Respiratory system – Anatomical terminology for healthcare professionals | Kenhub

Respiratory system – Anatomical terminology for healthcare professionals | Kenhub


There are many things in life that will take
your breath away – watching a beautiful sunset, holding your newborn for the first
time, receiving your credit card bill after a holiday, someone holding you in a headlock
or even looking at Facebook after a night out. Respiratory system terminology, however, need
not to be one of those things because we’re here to help. Welcome to episode seven of the Kenhub series
‘Anatomical Terminology for Healthcare Professionals’ taking a breath of fresh air with the respiratory
system terminology. If you watched any of the previous videos
in our series, you’ll know that instead of helping you to memorize long complicated and
unpleasant anatomical terms, we like to break them down for you into familiar little chunks
which we’ve been calling prefixes, roots, and suffixes, and once you’ve mastered these,
you can breathe freely instead of breathing into a paper bag. Remember, you can reinforce your learning
by making simple flashcards of all the different terms we encounter today. Just add the word elements on the front and
the explanations on the back. Register for free with kenhub.com and make
your flashcards even more effective by adding some of our awesome anatomical illustrations
found in our atlas. In clinical practice, there are lots of specific
terms related to different parts of the respiratory system. The good news, though, is that they’re mostly
really straightforward. Let’s begin with those related to the upper
respiratory tract. The first root we’ll look at has to be nas-
or nas/o- with the O at the end which, of course, means the first point of entry in
the respiratory system – the nasal cavity. We’ll see it pop up in terms like nasoscope
– an instrument used to examine the nasal cavity. Another root that also refers to the nose
is rhin- or rhin/o- with the O at the end. You’ve almost definitely heard it used in
the term rhinoplasty, perhaps better known as a nose job. Next up is pharyng- or pharyng/o- with the
O at the end referring to the pharynx. The pharynx in itself is divided into three
parts. The first and the last of the segments – the
nasopharynx and laryngopharynx – are pretty straightforward. The oropharynx is a bit less obvious. However, as soon as you find out the or- or
or/o- with the O comes from the Latin word ‘oris’ for mouth, it will make perfect
sense that oropharynx is located behind the mouth at the level of the tonsils. The root pharyng- or pharyng/o- with the O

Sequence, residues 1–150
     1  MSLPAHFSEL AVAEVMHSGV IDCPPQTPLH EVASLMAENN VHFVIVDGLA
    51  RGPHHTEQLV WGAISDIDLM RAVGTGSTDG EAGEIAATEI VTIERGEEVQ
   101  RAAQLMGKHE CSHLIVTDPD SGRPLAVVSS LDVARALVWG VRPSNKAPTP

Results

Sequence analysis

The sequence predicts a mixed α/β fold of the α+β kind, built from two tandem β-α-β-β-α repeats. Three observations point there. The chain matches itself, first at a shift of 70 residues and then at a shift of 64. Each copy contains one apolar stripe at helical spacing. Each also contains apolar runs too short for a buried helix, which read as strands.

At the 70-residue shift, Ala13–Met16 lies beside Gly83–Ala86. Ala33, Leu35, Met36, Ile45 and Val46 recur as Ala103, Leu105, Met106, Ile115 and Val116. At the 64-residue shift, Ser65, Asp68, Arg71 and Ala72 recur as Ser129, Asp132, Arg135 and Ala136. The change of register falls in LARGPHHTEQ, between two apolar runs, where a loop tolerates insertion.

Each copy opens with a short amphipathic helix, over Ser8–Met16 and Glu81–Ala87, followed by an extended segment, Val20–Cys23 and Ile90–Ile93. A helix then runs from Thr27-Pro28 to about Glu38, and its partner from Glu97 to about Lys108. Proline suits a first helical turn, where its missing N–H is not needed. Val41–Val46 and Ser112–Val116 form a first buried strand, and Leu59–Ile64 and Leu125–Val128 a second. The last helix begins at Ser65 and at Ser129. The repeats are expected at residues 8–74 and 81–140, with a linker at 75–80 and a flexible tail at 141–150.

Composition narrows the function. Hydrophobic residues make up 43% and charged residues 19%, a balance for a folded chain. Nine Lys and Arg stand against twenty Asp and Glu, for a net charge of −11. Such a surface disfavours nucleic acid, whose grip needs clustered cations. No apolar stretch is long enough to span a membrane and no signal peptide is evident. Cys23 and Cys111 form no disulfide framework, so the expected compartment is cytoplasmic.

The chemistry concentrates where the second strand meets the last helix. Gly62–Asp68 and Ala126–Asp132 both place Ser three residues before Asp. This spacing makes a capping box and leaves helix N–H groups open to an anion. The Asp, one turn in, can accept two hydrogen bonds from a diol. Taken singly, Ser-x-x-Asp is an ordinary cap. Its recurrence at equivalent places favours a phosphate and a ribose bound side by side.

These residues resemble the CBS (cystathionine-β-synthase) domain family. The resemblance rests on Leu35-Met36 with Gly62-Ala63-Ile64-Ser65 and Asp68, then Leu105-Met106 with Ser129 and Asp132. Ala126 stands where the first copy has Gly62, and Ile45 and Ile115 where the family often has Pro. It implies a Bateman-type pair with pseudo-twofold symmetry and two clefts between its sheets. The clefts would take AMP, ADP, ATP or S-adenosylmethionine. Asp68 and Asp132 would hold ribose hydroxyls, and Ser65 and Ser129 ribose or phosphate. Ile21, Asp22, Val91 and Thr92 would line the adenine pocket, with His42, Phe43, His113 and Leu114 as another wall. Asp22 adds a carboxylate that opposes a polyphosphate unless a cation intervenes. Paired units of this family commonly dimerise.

at the end also pops up in terms like pharyngoxerosis meaning dryness of the pharynx, and pharyngomycosis
which is a fungal infection of the pharynx. Now that concludes the upper respiratory tract,
and we move on to the lower tract. Here, we have the root laryng- or laryng/o-
with the O at the end which, of course, relates to the larynx. It’s used in terms like laryngalgia or laryngostenosis,
which is narrowing of the larynx. Occasionally, you’ll come across terms that
look like a random jumble of different roots; however, if you break them down, you’ll see
they’re actually quite simple. For example, nasopharyngolaryngoscope is a
flexible endoscope introduced through the nose to examine the pharynx and the larynx. So, although it may twist your tongue, it
need not to break your spirit. Now that leads us to trachea and the associated
root trache- or trache/o- with the O at the end such as tracheitis or tracheoplasty. We’re now moving into the bronchi and, unsurprisingly,
the roots we have here bronch- or bronch/o- with the O at the end or bronch- or bronch/i-
with the I at the end, in addition to bronchiol- or bronchiol/o- with the O at the end which
refers to smaller branches of bronchi – the bronchioles. They all come from the Greek word ‘bronchos’
for windpipe and are used in such instances as bronchorrhea which is excessive secretion
of mucus in the bronchi or bronchiolectasis which refers to dilation of bronchioles. We’re now moving to alveol- or alveol/o-
with the O at the end – of course, refers to the terminal part of the bronchioles, the
alveoli. An example is alveolitis which is an inflammation
of the alveoli. We’re in the lungs now which are, without